Business / Policy Watch

Tax reform aid subject to corporate tax

By Zheng Yangpeng ( Updated: 2012-07-25 15:46

Financial aid that companies receive as a result of the country's reforms to its value-added tax will be subject to corporate income tax, officials from the Finance Ministry confirmed to media on Tuesday.

At the beginning of this year in Shanghai, a test reform replaced what is known as a turnover tax with a value-added tax on selected services. The government said it aims to gradually replace turnover taxes with value-added taxes in all sectors of the country's economy.

A turnover tax is a tax on a business' gross revenue and a value-added tax is a tax levied on the difference between a commodity's price before the application of other taxes and the cost of producing it.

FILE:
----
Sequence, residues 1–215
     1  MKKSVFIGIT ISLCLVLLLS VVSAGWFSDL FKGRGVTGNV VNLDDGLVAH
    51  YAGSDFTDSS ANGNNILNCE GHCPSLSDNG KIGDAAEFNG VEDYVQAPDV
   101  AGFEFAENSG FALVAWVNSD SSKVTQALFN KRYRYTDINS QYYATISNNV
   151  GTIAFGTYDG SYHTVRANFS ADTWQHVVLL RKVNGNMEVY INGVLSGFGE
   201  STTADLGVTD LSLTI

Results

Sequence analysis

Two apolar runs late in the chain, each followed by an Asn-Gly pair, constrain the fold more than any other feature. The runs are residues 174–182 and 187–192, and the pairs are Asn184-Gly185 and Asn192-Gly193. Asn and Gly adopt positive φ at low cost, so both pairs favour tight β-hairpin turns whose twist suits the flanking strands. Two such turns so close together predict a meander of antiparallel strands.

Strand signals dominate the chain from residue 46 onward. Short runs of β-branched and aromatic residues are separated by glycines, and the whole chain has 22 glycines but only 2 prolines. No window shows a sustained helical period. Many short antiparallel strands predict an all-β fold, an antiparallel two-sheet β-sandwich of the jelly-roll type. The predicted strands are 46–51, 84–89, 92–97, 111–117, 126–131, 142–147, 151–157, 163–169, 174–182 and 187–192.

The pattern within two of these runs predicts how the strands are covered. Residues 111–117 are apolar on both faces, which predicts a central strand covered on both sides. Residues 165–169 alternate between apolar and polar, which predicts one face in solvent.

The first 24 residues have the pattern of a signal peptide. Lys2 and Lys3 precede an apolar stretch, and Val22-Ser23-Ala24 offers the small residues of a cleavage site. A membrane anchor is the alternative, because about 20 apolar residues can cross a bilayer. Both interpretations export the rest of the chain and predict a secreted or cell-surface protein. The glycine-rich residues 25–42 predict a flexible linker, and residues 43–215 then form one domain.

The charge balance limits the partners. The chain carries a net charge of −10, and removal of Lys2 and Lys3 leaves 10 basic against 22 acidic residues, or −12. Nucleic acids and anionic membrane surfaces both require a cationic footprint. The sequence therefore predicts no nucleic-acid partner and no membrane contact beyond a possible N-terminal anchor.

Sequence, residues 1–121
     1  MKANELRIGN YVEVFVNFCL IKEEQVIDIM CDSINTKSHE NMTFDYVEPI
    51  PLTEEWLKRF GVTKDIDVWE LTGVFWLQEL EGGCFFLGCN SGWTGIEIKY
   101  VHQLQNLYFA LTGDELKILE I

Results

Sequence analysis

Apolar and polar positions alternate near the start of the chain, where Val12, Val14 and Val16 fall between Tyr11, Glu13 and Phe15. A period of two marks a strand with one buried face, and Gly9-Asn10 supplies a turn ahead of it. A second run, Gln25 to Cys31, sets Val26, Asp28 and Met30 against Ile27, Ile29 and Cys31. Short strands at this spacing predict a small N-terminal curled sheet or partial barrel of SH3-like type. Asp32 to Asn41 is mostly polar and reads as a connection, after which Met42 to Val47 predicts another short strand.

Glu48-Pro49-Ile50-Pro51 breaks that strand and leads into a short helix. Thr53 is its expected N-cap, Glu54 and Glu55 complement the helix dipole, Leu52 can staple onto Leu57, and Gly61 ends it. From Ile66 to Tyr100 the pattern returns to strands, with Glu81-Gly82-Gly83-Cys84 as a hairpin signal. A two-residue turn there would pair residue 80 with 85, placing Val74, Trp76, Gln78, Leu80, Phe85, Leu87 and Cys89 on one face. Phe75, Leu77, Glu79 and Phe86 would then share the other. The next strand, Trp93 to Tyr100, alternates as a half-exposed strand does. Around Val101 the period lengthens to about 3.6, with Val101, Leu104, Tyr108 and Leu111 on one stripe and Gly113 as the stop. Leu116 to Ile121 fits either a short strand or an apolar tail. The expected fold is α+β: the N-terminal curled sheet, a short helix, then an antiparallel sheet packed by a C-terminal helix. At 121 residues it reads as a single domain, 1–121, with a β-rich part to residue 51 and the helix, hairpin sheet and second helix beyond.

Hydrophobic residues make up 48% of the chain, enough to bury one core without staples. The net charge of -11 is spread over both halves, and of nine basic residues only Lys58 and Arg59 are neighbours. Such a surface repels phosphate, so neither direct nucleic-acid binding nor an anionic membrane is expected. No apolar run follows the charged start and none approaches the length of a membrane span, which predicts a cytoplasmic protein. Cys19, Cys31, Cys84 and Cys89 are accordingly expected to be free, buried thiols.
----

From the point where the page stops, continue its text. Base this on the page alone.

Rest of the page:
The policy change is expected to reduce companies' tax burdens, especially those falling on the service sector.

In Shanghai, though, the reform has actually caused some companies to pay higher taxes. To provide financial aid to businesses that find themselves in that situation, the Finance Ministry has established a special fund.

On Tuesday, the Finance Ministry issued a document specifying what audit methods should be followed by those involved in the reform. The document had raised questions about whether financial aid going to corporations will be placed in the category of taxable income.

Responding to a media inquiry, officials confirmed that the special financial aid should be considered taxable income.

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